My Favorite Crackpot Theories
The Tootsie Roll Pop wrappers with a star on them will get you a free sucker
I can’t remember who told me this, but I couldn’t have been more than eight—at least two years before a friend took me to his mom’s house in Branson to watch Nostradamus videos, so this might have been my very first crackpot theory. I’m sure there were a few years of my childhood when I was simultaneously saving Tootsie Roll Pop wrappers featuring a boy in an American Indian headdress pointing his bow and arrow at a huge star, while also worrying that the Antichrist would rise up from the Middle East in the year 1992. With luck, I’d figure out how to cash in the wrappers before Judgment Day. However, I now favor the Tootsie Roll Pop thing over the Nostradamus crap.
Since Congress made it illegal to send equines to slaughterhouses, all the horses in America are being sent to Mexico to be tortured
This one is awesome. I don’t think you can even find anything on the Internet about it, because it sprang like a spooked horse from my mom’s subconscious mind. Why would Mexicans want to torture horses? Would it be affordable for poorer people to buy horses in a wealthier nation and then transport them back home just to hurt them? Do they at least stuff them full of munitions or other contraband? Don’t Mexicans have horses of their own to torture? Whether this notion is the product of xenophobia, outdated pills, or the insomnia of many nights spent assisting a kennel-copia of whelpings, I cannot say. You’ll have to ask my mom.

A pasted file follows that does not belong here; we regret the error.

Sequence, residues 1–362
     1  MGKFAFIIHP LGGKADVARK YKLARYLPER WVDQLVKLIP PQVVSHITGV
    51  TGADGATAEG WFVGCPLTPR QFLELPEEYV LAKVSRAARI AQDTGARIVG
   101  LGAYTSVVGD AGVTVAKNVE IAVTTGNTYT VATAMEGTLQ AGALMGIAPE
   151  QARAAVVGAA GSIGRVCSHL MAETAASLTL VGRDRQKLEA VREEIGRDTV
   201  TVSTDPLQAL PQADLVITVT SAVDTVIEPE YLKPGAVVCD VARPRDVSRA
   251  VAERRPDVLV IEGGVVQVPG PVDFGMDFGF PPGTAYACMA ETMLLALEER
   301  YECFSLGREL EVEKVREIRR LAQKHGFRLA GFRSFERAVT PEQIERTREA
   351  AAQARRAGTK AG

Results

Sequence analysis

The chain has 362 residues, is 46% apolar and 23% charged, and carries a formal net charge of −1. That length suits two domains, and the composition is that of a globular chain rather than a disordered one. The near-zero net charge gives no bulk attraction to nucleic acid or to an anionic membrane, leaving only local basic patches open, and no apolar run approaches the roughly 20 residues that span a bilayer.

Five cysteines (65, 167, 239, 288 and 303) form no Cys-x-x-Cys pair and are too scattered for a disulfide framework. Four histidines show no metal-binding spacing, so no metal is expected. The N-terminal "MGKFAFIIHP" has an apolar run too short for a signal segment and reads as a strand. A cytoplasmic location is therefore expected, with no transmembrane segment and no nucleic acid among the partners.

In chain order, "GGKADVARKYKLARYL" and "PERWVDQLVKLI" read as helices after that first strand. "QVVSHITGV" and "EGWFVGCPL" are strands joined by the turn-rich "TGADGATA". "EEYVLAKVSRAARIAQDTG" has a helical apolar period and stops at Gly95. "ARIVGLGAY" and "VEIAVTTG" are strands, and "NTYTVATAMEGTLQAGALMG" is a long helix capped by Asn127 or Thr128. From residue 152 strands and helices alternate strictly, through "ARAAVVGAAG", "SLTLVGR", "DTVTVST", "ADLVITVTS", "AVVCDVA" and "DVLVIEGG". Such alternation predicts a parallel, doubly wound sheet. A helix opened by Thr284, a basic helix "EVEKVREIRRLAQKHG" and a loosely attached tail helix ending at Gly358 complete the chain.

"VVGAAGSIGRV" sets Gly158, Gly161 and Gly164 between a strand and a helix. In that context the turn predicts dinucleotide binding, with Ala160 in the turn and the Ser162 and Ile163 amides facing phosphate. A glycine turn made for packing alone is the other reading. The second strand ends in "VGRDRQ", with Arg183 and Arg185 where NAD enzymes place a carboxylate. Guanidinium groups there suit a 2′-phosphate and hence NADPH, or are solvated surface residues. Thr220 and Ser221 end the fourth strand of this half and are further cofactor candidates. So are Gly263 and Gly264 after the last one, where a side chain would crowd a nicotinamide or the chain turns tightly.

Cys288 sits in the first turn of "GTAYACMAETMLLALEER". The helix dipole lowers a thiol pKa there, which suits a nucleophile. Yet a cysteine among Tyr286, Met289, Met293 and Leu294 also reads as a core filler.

As a tangent and runner-up, I can offer here another of my mom’s screwball notions: Mexicans are kind of scary, while Native Americans are neat. Never mind that they are essentially the same people, or would be if not for a political border and language differences.
Satan makes people do things, or “We’ve got pentagram!”
From the West Memphis 3 to a Texas “arson” case recently featured on Frontline, it seems there are still Americans by the legion poised to battle the Devil by spotting such satanic giveaways as Iron Maiden posters, Led Zeppelin t-shirts, black nail polish and tattoos. Should we thank Richard Ramirez for this high-schoolish connection between rock-n-roll trappings and death sentences for murder?